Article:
RON: I'm Ron Corning for Howdini.com. If you're shopping for children during the holidays it seems that everywhere you turn there's a list of this year's best toys. And kids, of course, have their own list as well. All of this, all of this information, all of these toys, all of these lists, can make shopping for playthings a lot of work. Well, Chris Byrne the toy guy is here to put the fun back in toys. He is the editor-at-large for Toys & Family Entertainment, Royalties and also a contributing editor for Toy Wishes. Chris, it's nice to have you here.
CHRIS: Thank you.
RON: I know a lot of parents are wishing there might be fewer choices out there. And they have equally as many choices when it comes to information on which toys might be best for their kids. Where do they start?
CHRIS: They start by looking at the list. There are about 160,000 toys on the market at any given point in the United States. So the lists really do help. Starting in August and going right through December, magazines have lists, TV shows have lists, organizations that are designed to review toys have lists, so there's lots of information out there. But in many cases I've noticed if you pick up a magazine, it looks as if it's a review of the toys; if you look very closely it says “Special Advertisement.”
RON: How do you know if the stuff that you're seeing is unbiased, and not the manufacturer’s own advertisement?
CHRIS: Well, I think you have to look very carefully and see the range of toys covered, the age of toys, the source that it's coming from, what the testing methodology is. That's always very important because sometimes they'll give kids a toy, and kids really like toys when they get them and there's no other context for reviewing them. So, it's important to look for that special advertising section and again use your gut instinct and see what makes sense to you. I would think the best toy list, any list that you might go with, is only a guide, and that really it comes down to what your child wants as well. Because they have their own ideas about things that they've heard about, seen, tried out at a friend's house.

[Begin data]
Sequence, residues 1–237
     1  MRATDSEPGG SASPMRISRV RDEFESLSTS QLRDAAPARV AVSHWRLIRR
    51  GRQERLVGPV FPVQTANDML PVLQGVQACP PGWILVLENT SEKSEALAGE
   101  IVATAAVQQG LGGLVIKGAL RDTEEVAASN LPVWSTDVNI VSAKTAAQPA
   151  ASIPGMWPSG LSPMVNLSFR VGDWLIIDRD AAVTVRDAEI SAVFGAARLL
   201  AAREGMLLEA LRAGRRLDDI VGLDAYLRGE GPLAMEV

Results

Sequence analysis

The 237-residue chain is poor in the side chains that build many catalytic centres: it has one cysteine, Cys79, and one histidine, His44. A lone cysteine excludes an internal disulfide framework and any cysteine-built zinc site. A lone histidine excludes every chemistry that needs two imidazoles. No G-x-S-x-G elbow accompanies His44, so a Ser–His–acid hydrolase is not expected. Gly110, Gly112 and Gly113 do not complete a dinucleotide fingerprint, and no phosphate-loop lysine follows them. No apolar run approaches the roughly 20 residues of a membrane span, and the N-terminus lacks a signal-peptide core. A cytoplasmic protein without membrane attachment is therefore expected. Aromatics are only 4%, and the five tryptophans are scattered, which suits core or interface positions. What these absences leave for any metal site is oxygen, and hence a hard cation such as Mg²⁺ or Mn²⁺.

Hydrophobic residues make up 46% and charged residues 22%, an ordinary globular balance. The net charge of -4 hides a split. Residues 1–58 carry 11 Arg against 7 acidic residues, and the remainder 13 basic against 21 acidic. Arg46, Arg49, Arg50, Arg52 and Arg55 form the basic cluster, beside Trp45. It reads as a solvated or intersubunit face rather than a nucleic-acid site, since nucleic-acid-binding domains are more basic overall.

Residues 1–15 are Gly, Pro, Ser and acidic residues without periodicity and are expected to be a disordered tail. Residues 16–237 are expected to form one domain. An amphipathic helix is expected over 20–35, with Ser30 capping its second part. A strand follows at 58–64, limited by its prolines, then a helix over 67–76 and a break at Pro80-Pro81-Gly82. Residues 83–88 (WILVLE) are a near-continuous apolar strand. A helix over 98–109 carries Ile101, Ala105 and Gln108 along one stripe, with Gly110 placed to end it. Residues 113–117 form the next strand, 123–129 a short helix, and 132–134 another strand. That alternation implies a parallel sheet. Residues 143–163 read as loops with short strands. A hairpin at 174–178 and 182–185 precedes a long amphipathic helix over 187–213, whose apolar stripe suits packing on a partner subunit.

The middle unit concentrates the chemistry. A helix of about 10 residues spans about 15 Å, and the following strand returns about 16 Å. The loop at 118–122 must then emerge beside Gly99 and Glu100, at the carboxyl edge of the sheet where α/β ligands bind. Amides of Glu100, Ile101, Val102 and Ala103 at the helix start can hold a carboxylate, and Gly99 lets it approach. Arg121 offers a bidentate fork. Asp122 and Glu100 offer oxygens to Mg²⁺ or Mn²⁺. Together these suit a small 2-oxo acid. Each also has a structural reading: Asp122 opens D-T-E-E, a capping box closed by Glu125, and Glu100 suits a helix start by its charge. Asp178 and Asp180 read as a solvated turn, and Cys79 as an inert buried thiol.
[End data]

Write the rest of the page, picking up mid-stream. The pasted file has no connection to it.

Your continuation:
RON: Sure. Right, we always say that the hot toy is only hot if it's hot for your child.
CHRIS: Every toy is different. So this year's hot Barbie doll, for example, is not going to appeal to a 9-year-old boy. Ah, though it may have made every single list out there, so it's really important to know what your kids are into. What they like. What they like to do in their leisure time. How they like to interact with their friends.
RON: And then, what are the toys they like to use when they have those experiences?
CHRIS: Well, then it comes down to parents having to make some really crucial decisions so that they aren't dealing with an upset kid during the holidays. A lot of parents aren't going to be able to buy everything on the list, so how do you sort of prioritize and decide if given a choice between this one or this one that my child's going to be happier with this toy than the other. You know, it's great to manage expectations. One of the things my mom did was she would say to us, “Well, Santa's sleigh is really big, but he has to carry toys for all the boys and girls in the world. So, you know, you got to really pick the ones you want the most.” And it's good to sort of sit down with your kids, talk about what's on their list. If you can, look at the TV commercials with them, and really begin to talk about what the kids want, so they begin to refine for themselves, what it is they most want to find under the tree. You might be surprised to find that in some cases your child likes the same toys that you liked. Everything old is new again. Sometimes a classic is the best way to go.
RON: And the newer stuff is sort of played with for a few days and then ignored?
CHRIS: Absolutely. I mean classic toys are classic because they've engaged kids. They engage their imagination. I like to say it's not complete without the child. You really need that child's imagination to bring the toy to life.
RON: Chris Byrne, thank you. Good information here. Chris is the editor-at-large for Toys & Family Entertainment, Royalties, and also a contributing editor of Toy Wishes. And I'm Ron Corning for Howdini.com.